7. Processed, charred, and well-done meats can contain cancer-causing heterocyclic amines, which form when meat is seared at high temperatures, and polycyclic aromatic hydrocarbons, which get into food when it’s charcoal broiled. “The recommendation to cut down on grilled meat has really solid scientific evidence behind it,” says Cheryl Lyn Walker, PhD, a professor of carcinogenesis at the University of Texas M.D. Anderson Cancer Center. If you do grill, add rosemary and thyme to your favorite marinade and soak meat for at least an hour before cooking. The antioxidant-rich spices can cut HCAs by as much as 87%, according to research at Kansas State University.
8. Marinate meat before grilling - Processed, charred, and well-done meats can contain cancer-causing heterocyclic amines, which form when meat is seared at high temperatures, and polycyclic aromatic hydrocarbons, which get into food when it’s charcoal broiled. “The recommendation to cut down on grilled meat has really solid scientific evidence behind it,” says Cheryl Lyn Walker, PhD, a professor of carcinogenesis at the University of Texas M.D. Anderson Cancer Center. If you do grill, add rosemary and thyme to your favorite marinade and soak meat for at least an hour before cooking . The antioxidant-rich spices can cut HCAs by as much as 87%, according to research at Kansas State University.
9. Caffeinate every day - Java lovers who drank 5 or more cups of caffeinated coffee a day had a 40% decreased risk of brain cancer, compared with people who drank the least, in a 2010 British study. A 5-cup-a-day coffee habit reduces risks of oral and throat cancer almost as much. Researchers credit the caffeine: Decaf had no comparable effect. But coffee was a more potent protector against these cancers than tea, which the British researchers said also offered protection against brain cancer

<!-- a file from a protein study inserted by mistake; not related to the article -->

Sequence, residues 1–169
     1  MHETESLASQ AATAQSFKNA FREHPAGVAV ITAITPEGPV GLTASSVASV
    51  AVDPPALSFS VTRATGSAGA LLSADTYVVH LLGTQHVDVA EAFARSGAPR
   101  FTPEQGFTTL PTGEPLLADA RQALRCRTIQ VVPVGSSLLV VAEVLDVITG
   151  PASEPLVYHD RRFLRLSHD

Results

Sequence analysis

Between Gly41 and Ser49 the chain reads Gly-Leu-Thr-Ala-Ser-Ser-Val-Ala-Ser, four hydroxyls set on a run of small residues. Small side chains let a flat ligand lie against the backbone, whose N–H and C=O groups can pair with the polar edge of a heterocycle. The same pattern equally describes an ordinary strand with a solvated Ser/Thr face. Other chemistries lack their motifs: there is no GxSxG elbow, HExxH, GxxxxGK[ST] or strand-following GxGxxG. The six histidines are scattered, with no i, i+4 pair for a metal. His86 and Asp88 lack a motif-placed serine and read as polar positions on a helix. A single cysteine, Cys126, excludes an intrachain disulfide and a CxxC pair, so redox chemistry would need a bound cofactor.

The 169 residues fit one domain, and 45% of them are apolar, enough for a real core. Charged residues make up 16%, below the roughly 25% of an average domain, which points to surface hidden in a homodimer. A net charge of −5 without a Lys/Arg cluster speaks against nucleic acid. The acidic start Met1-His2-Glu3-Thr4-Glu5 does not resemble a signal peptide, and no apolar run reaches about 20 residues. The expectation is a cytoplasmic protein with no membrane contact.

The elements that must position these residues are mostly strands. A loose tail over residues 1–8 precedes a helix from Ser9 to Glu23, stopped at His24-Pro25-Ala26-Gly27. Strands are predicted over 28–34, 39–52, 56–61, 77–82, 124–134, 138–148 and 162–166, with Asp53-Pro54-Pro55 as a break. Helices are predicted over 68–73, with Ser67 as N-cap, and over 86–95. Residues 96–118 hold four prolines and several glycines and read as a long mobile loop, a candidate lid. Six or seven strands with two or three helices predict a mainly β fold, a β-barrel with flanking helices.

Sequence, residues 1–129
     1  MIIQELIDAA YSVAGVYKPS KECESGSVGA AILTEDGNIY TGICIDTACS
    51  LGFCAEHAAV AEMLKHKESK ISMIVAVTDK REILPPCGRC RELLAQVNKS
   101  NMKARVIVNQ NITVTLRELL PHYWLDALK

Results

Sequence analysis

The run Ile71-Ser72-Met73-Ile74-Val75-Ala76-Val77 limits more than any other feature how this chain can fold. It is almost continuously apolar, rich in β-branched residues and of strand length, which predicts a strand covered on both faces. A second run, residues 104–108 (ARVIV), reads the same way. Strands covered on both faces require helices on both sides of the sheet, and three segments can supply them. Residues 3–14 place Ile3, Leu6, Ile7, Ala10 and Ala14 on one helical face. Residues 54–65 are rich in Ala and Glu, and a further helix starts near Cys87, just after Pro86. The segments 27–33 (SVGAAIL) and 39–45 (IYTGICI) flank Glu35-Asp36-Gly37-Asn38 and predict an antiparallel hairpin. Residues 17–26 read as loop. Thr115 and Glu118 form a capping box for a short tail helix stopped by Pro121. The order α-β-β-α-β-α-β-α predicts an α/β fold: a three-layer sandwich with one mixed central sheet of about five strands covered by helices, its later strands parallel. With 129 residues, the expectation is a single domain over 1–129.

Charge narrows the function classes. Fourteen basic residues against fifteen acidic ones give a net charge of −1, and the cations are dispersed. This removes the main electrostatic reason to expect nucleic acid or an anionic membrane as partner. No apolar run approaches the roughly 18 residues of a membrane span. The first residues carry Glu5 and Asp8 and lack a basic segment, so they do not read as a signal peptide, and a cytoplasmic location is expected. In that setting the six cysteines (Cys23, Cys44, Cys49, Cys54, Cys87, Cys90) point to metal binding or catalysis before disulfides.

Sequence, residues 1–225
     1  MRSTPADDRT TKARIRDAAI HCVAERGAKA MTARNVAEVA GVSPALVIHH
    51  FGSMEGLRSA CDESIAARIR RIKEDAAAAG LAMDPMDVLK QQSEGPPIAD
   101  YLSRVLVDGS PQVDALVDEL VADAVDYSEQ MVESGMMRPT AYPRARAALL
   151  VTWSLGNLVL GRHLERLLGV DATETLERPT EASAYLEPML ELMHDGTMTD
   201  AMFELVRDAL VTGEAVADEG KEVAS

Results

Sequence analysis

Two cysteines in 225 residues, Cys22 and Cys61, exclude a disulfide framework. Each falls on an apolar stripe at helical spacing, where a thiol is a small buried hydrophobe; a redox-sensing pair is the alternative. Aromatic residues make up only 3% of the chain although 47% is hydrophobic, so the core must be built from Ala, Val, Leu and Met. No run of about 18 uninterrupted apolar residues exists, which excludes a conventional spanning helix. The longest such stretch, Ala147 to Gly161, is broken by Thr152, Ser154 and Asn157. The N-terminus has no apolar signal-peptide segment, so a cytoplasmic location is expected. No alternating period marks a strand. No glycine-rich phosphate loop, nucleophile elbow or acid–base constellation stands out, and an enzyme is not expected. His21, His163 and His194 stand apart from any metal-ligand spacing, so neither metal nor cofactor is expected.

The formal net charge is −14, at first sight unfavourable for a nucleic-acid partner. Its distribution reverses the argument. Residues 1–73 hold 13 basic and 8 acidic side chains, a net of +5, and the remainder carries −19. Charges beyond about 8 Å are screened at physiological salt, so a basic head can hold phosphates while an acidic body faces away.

10. Water down your cancer risk - Drinking plenty of water and other liquids may reduce the risk of bladder cancer by diluting the concentration of cancer-causing agents in urine and helping to flush them through the bladder faster. Drink at least 8 cups of liquid a day, suggests the American Cancer
11. Load up on the greens - Next time you are choosing salad fixings, reach for the darkest varieties. The chlorophyll that gives them their color is loaded with magnesium, which some large studies have found lowers the risk of colon cancer in women. “Magnesium affects signaling in cells, and without the right amount, cells may do things like divide and replicate when they shouldn’t,” says Walker. Just 1/2 cup of cooked spinach provides 75 mg of magnesium, 20% of the daily value.
12. Snack on Brazil nuts - They are a stellar source of selenium, an antioxidant that lowers the risk of bladder cancer in women, according to research from Dartmouth Medical School. Other studies have found that people with high blood levels of selenium have lower rates of dying of lung cancer and colorectal cancer. Researchers think selenium not only protects cells from free radical damage but also may enhance immune function and suppress formation of blood vessels that nourish tumors.
13. Burn off your breast cancer risk - Moderate exercise such as brisk walking 2 hours a week cuts risk of breast cancer 18%. Regular workouts may lower your risks by helping you burn fat, which otherwise produces its own estrogen, a known contributor to breast cancer.
Check back in tomorrow for more cancer prevention tips.